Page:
A Note To My Seventeen-Year-Old Self
17-year-old me was in a lot of pain, was about to face hell on earth, but unconditional love found its way and liberated my heart.
On RuPaul’s drag race, the final contestants for the season finale stand in front of Momma Ru and asked a question while she holds up a photo of them as kids, “What would you say to (insert age)-year-old you?” When they answer, it gets me every single time. Their pain, joy, innocence, hardship, and eventual success are inspiring. To know that kid in the photo went through some hell is difficult to imagine. But seeing their success and resilience as adults is encouraging.
I have, up until starting to write my memoir, always stayed as far away from that exercise as I possibly can.
The above photo is my Senior High School photo, taken 37 years ago in 1986. I was 17 at the time. By that time, I was being physically and/or emotionally abused daily. I totaled a car (rolling/flipping it three times), lived through many other traumas and hardships, plus sneaking into gay bars (fake ID), and
dating being sexually assaulted by a 36-year-old. My naive, traumatized brain thought I was in love. But nowadays, we know what was happening, and the 36-year-old was a statutory rapist; our last night we spent together, I tried to stop him, but he wouldn’t. My learned helplessness kicked in, and it was horrific. I couldn’t admit this to myself until I acknowledged how it affected my sex life (deep down, FEAR and dread of sex) after coming out—still trying to process that.
Young Randy in the photo above would be thrown out of the house in February of the following year for being gay. I would be homeless and transient for the next two. I would abuse too many substances and make bad decisions at the bars at every chance I got. I would also have sex with men to get drugs or a bed to sleep in if they let me stay.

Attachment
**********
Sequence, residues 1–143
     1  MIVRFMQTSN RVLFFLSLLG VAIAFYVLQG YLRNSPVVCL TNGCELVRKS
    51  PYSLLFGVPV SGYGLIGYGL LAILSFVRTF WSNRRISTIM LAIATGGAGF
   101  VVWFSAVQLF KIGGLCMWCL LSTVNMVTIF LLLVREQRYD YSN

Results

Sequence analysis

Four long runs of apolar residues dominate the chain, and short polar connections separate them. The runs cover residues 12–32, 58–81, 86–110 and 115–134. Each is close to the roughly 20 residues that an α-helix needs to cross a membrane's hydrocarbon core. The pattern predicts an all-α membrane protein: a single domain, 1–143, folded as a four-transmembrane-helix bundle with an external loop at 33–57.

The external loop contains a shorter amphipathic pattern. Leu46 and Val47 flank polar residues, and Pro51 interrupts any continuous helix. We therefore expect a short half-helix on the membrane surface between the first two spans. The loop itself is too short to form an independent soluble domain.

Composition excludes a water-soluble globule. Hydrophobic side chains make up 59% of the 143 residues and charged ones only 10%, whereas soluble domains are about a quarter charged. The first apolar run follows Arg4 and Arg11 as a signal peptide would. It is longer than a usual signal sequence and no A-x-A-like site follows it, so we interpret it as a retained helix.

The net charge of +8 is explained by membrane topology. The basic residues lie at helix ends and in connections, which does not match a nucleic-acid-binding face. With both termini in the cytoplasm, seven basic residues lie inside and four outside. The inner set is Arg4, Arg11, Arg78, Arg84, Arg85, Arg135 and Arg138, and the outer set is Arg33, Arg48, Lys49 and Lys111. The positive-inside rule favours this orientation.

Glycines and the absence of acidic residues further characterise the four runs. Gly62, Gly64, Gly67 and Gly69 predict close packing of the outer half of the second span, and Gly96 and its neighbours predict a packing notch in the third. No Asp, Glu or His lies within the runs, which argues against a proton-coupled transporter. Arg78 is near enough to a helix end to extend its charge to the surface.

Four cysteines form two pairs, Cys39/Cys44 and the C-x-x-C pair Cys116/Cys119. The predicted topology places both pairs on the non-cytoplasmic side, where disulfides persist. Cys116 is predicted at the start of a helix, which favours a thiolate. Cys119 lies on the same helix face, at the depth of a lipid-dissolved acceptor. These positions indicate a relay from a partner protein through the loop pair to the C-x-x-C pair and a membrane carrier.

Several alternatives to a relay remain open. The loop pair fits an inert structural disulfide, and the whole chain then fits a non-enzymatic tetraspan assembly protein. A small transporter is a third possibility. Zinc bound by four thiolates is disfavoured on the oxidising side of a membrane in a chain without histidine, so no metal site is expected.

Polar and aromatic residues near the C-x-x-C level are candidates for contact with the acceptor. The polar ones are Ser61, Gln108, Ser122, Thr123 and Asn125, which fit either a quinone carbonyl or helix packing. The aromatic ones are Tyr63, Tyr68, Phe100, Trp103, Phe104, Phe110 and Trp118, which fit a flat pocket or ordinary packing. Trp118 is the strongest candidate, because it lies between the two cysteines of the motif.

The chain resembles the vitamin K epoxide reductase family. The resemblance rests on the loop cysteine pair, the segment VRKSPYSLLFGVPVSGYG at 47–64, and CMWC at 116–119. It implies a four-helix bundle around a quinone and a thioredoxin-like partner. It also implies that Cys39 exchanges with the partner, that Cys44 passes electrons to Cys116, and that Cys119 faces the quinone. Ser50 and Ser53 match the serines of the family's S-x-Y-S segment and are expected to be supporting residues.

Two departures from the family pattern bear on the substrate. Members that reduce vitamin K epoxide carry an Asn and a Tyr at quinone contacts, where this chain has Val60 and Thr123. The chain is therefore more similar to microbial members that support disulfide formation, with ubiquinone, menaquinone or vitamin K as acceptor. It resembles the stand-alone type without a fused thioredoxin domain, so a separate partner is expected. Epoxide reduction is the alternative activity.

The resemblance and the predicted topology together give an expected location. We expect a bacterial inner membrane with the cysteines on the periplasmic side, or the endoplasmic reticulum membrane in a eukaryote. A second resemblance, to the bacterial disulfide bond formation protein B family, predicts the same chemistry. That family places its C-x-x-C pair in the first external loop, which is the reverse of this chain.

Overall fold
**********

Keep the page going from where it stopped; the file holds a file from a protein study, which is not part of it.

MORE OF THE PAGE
I would eventually try to numb the nightmare with religion and get caught up in the “exgay” world. I went from being a traumatized gay teen to a traumatized religious zealot. I was in the stained-glass closet but flying first class on Delta. I went from eating throw away food at a convenience store I worked at, to lobbying face-to-face with Senators, Congressional Reps, and the White House. I was part of “secret” religious-right meetings in DC, speaking all over North America and Great Britain. I would go from not knowing how to balance a checkbook and living out of my car to being the Vice President of a non-profit overseeing a staff of twenty-four (paid and volunteer) people.
Until coming out in 2015, my whole life was lived, experiencing a myriad of hate-filled efforts to try to divorce me from who I truly am… including myself. Along with my abusers, I became my worst enemy by accepting The Gospel According to Conversion Therapy. It became so engrained I started promoting that toxic ideology to others, and becoming a pariah to the LGBTQ+ community.
At 45, I would suggest, support, and help close down that organization because of tragedy opening my eyes (among many other factors) to the truth it was all a sham. I think anyone who has lost someone they love to mental illness (suicide) will relate to the dynamic that causes within to do a gut-wrenching deep soul reckoning. The loved one’s death challenges everything you believe in. Eventually, as a result, I came out of the stained-glass closet at age forty-seven, thirty years after that first photo above.
Now, instead of being in a constant state of fear, anxiety, and self-loathing. I am at peace and deeply in love with my husband, daughter, furkids, family, and chosen family. I am surrounded by the best friends a man can have.
So, I would say to 17-year-old me, don’t let other people’s hate and your own existential fear lead and define you. However, trust that inner “knowing” and be true to your passions. You will be tempted to get the attention and admiration you are desperate for in the wrong places. Don’t be fooled by praise for a version of you that, at your core, you know is inauthentic. You have a good, passionate heart. When you find your voice, don’t let it read someone else’s script or sing someone else’s song. And once you come out, stay out. Your love for the Divine will be stronger outside the church closet. The nightmares you experience will fade, and eventually, your dreams of love and family will come true: to know and be known for your true self; you will love and be loved. So don’t let your fear of the future define your present.
You can trust in unconditional love. It does exist even though you have yet to experience it.
Beyond The Stained-Glass Closet by Randy Scobey is a reader-supported publication. To receive new posts and support my work, consider becoming a free or paid subscriber.